Natasha Vianna: “I’m a young mom of color, so every message in America directed towards me and my body is negative. But disliking the shape of my body or the stretch marks on my skin is disliking the culture I descend from and the strength my body carries. So I remind myself that my body IS perfect and that my only flaw is occasionally forgetting about its perfection. Even then, I find the power to reconnect with my physical perfection through self-love.”
Amy Bickers: “Physical activity is important to how I feel about myself, but as I get older, I see it as an exercise in gratitude rather than a means to an aesthetic end. I appreciate the things my body can do on any given day and I try not to judge what it can’t, because I know none of us is guaranteed good health and mobility. I try to see exercise as an opportunity to practice thankfulness for my body, not its particular shape but its abilities. I have never been able to stay motivated by the things the media shows us (abs and glutes and numbers on a scale). What makes me feel good in my skin is appreciating the external things that come with moving my body — the sun on my face when my boyfriend and I ride our bikes, the fun music during a workout, the camaraderie in a group activity. I’m a grandma now and I think about my own grandma a lot, about how beautiful I thought she was, how soft her skin was when she let me snuggle up next to her when we went out on the lake on my grandparents’ pontoon. And never once did I think about how she looked in her bathing suit. I try to live in a place of knowing that my grandson will feel the same about me, that the people who love me will only see whatever love and light I radiate, and no one gives a damn how I look in my bathing suit.”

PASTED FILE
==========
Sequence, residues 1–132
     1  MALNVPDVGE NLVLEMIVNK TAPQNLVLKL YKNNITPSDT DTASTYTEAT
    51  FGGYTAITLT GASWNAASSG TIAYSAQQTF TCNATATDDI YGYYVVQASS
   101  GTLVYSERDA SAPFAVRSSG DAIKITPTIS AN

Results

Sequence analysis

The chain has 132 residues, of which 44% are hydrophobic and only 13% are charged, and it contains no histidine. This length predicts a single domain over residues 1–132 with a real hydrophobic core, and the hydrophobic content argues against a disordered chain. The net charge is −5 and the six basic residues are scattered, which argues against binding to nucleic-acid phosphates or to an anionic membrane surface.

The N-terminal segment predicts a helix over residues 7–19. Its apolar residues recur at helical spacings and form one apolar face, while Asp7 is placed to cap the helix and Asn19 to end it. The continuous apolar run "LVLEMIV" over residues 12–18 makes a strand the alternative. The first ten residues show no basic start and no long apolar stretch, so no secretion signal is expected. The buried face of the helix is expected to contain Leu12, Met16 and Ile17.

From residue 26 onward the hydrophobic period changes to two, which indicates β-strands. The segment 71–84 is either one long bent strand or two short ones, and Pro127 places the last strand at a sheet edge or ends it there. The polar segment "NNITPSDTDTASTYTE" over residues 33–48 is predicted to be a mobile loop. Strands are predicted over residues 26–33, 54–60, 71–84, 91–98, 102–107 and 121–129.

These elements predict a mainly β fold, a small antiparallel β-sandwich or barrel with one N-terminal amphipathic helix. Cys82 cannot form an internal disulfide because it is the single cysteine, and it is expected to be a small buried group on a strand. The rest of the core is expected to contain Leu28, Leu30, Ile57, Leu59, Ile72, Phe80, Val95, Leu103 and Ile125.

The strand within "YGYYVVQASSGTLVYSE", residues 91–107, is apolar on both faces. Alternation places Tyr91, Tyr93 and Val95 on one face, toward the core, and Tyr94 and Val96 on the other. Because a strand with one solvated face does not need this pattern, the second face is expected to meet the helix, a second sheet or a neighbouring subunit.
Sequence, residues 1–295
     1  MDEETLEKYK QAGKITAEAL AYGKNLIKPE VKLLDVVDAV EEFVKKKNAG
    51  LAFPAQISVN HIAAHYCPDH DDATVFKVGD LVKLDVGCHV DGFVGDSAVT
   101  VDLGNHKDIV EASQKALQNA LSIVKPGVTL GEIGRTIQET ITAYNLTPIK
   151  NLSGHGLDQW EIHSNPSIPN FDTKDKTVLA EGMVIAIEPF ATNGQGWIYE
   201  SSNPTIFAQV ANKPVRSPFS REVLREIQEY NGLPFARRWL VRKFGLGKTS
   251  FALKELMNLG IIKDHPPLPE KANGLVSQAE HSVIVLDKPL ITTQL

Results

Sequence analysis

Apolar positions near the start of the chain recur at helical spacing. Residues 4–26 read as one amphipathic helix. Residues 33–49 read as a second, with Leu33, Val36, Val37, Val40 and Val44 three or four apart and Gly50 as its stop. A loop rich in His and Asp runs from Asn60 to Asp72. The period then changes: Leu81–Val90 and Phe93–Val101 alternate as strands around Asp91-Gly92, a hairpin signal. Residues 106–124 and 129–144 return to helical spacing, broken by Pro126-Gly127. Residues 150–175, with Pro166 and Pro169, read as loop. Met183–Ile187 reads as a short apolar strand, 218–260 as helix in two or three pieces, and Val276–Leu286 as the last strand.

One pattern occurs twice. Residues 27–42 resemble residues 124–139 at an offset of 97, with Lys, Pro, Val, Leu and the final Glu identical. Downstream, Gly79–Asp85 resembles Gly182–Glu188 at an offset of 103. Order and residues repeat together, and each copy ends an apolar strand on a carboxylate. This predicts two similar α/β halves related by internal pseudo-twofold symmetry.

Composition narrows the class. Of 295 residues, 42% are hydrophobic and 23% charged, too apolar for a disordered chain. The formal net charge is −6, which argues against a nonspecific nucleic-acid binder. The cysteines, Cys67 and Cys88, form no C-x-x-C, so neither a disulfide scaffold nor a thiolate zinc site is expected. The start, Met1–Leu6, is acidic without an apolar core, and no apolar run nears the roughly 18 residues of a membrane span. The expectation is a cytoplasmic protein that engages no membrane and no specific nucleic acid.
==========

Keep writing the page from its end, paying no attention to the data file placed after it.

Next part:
Shaindel Beers: “It helps me so much to think of my body as a machine that can DO things and not as an object that is supposed to look a certain way. My body takes me to the top of mountains, on runs, it lifts weights, it’s made a child. It’s a pretty awesome machine, and I try to remember to be thankful and take care of it.”